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Posts Tagged ‘Peter Pan’

Recent studies show it is men who benefit from marriage, increasing length of life and overall happiness, while marriage limits a woman’s personal potential. Alliance with the male leverages her power, extrapolating her man’s and appropriating it as vaguely her own; at firm ground, she understands that arrangement for the fraud that it is. Cultural mores worldwide legitimize this delusion, so there is little pressure for a woman to acknowledge the insight even if she should stumble over it in a moment of unguarded clarity.

In a past amicable but passionless marriage, my husband and I often agreed, “What we need is a wife!” As the distaff in that partnership, I resented always being the one to dispense caring. Why was I denied the blessings of eternal childhood while my Peter Pan husband got to fly about sprinkling pixie-dust? Everyone knows that creativity requires the freedom of play, but somebody’s got to wash the dishes. We’ll leave them for the maid, I fantasized, as we turned out the light and headed for bed and some productive cuddling.

I love my kitchen, incarnation of the maternal, hub of family life, source of warmth and tantalizing odors. It is the negation of its power that I reject. A man who enters my center of female alchemy faces a challenge. Do his limbs get all gooey as he dramatizes his affected ineptitude, or does he grab a gingham apron, detailed with rick-rack and ruffles, strap it on, and start looking for a recipe for corn chowder? It takes a big man to be alive in the kitchen. Nothing is sexier than a man in an apron. His limbs get hairier. His torso takes on a more studly aspect. His confidence radiates as he personifies phallic imperative.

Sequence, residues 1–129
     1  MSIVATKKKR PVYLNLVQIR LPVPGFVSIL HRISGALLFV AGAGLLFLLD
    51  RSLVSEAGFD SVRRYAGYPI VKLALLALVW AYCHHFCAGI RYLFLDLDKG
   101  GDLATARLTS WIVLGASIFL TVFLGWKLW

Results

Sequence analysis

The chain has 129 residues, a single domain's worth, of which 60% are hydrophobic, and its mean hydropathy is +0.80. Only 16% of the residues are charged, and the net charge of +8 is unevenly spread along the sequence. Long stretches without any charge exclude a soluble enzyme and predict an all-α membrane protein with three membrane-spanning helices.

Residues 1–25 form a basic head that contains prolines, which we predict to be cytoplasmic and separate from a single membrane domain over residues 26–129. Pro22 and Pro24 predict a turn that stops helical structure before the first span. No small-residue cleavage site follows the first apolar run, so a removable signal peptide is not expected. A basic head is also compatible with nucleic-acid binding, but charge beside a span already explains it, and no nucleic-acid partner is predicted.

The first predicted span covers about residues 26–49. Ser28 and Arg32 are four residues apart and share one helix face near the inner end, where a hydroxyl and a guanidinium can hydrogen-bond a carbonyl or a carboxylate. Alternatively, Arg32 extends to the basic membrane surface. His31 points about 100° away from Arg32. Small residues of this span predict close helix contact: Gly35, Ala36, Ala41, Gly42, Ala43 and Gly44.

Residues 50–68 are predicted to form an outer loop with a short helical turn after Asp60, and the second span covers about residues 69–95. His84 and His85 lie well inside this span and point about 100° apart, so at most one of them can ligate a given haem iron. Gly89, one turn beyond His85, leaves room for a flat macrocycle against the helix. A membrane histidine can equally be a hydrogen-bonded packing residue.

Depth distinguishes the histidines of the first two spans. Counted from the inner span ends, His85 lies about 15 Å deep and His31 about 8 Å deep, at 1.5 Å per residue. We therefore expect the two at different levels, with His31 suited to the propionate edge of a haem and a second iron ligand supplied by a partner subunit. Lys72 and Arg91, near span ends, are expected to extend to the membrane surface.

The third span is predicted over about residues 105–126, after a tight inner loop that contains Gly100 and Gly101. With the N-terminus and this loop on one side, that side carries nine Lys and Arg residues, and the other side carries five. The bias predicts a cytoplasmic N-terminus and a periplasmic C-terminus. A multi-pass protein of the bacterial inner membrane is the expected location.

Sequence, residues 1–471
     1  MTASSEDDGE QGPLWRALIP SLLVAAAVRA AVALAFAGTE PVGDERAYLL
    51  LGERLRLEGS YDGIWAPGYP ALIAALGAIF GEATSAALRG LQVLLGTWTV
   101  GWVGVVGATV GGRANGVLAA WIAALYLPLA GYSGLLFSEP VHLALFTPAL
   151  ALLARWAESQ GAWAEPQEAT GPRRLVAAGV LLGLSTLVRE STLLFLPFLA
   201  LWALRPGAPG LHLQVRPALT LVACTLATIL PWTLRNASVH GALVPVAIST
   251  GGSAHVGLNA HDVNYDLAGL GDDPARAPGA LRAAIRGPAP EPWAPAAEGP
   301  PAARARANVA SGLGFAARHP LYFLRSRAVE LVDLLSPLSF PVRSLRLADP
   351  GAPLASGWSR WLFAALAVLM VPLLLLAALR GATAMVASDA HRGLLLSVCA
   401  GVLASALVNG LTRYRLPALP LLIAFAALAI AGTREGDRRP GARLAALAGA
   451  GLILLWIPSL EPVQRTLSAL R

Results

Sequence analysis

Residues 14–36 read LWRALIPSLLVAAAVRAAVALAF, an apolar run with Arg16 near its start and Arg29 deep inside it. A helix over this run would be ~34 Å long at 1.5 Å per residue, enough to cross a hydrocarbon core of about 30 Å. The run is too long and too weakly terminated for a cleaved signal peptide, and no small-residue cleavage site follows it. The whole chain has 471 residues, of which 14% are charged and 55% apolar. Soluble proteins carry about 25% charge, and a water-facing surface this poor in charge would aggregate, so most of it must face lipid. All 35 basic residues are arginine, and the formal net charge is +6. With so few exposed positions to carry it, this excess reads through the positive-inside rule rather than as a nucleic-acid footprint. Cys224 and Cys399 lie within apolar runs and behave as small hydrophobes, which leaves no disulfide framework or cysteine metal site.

Now the question arises: Is this about the bull loose in the china shop or about my own perceptions of manliness? This is a serious question deserving a serious response. I don’t do serious well. It’s difficult to write in a grim sterility that dismisses all vestiges of self from the product. I have spent a lifetime trying and always fail. Even the most rigidly technical effort succumbs to a pirouette of whimsy, and it’s all over. When you write poetry, write poetry; when you write prose, for Heaven’s sake write prose. I know that. I just find it hard to live up to the admonition. Some things are harder than others. (Pun intended.) Sometimes it seems I am a walking, talking, embodiment of the Freudian slip. Sigmund, his dirty old man fixation inclusive, had it right.  The ladies have it figured: Manhood is wonderful. Gay or Straight, Guys are great! Can’t live with ‘em; can’t live without ‘em.

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